T5W: Books that deal with tough topics

Time for another Top 5 Wednesday! I haven’t done one of these since November, which is shockingly long ago, and I seem to have missed some really interesting themes! Speaking of which: Today’s theme is books with “hard” topics, such as mental health, illness, sexual assault, etc. And since I’m a sucker for a good tear-jerker (as books that touch on these topics often are), I’ve managed to find quite a few on my bookshelves. 😉 As always, it was difficult narrowing it down to just five, but here are some of my favourites:

Katie McGarry//Crash Into You5) Crash Into You by Katie McGarry

The Pushing the Limits series is full of characters with difficult backgrounds (orphans, runaways, drug dealers, etc.) but I singled out Crash Into You for a couple of reasons, even though most of its themes aren’t quite so heavy as in the other books in the series. Firstly, because it’s my favourite book in the series – but more importantly, because Rachel (one of the book’s two protagonists) suffers from anxiety, which is something I’ve not come across often in my literary wanderings, and makes for a really interesting read.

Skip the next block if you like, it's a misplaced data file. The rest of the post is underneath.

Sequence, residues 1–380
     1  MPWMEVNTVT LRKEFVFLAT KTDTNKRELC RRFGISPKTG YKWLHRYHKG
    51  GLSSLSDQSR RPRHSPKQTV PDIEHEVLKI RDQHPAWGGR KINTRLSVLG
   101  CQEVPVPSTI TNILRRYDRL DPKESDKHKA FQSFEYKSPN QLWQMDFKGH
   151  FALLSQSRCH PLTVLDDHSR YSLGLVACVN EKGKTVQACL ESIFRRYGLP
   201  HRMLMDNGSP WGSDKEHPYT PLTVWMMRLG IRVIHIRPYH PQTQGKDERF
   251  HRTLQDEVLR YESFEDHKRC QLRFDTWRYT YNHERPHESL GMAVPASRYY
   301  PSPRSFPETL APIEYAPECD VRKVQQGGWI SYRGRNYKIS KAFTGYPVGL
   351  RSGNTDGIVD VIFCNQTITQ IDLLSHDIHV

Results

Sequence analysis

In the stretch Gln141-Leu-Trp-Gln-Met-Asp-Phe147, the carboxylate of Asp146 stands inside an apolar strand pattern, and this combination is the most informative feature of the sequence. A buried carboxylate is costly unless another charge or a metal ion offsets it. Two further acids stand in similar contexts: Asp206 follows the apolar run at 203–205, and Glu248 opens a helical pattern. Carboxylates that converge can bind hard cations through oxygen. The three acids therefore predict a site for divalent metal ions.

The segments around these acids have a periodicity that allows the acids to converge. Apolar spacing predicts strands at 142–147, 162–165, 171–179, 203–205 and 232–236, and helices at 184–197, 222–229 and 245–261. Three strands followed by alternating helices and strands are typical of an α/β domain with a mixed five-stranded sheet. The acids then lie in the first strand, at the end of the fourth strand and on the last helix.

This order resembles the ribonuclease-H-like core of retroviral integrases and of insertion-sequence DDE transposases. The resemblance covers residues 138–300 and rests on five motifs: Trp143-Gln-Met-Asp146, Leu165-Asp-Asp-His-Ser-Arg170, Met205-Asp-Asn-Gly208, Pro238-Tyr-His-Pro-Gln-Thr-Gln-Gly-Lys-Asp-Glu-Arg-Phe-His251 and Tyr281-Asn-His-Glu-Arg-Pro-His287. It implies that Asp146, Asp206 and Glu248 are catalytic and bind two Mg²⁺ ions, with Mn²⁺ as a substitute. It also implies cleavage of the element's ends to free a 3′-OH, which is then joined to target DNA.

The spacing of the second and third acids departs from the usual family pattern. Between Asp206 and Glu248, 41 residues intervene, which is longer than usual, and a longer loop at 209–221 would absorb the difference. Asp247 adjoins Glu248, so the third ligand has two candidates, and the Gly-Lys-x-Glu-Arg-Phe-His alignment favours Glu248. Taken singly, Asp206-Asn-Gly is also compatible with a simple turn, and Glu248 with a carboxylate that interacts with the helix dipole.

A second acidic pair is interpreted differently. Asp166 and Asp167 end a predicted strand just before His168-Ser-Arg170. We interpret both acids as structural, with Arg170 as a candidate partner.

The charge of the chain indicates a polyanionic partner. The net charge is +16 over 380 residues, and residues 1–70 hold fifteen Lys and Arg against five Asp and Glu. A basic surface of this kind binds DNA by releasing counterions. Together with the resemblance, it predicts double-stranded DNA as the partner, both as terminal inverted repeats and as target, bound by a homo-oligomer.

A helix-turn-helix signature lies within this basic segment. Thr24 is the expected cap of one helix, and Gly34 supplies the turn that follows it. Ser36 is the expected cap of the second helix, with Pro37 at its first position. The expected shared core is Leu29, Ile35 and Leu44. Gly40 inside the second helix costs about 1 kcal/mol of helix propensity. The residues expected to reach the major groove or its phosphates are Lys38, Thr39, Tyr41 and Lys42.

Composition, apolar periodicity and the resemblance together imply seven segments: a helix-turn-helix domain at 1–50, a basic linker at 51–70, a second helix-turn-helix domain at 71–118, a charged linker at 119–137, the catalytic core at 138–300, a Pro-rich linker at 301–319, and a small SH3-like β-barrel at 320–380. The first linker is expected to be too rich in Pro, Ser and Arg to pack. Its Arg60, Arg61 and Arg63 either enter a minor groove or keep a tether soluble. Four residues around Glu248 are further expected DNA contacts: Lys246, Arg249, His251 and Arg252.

Haruki Murakami//Norwegian Wood4) Norwegian Wood by Haruki Murakami

What to say about Norwegian Wood? It’s a hard-hitter right from the beginning, with Toru narrating his childhood best friend’s suicide, and much of the book also deals with depression… it only gets darker as it goes on. Murakami’s slow, ponderous – almost hypnotic – writing style fits the tone of the novel perfectly, and had me caught up in its atmosphere for a long time after I’d finished reading.

Lionel Shriver//We Need to Talk about Kevin3) We Need to Talk about Kevin by Lionel Shriver

The story of a woman trying to raise a child who hates her, and is strongly implied to be a psychopath. Of course, Eva is an incredibly unreliable narrator, and her opinions colour everything in this book – which is written in the form of letters to her husband – but I think it still counts. 🙂

Jenn Bennett//Night Owls2) Night Owls by Jenn Bennett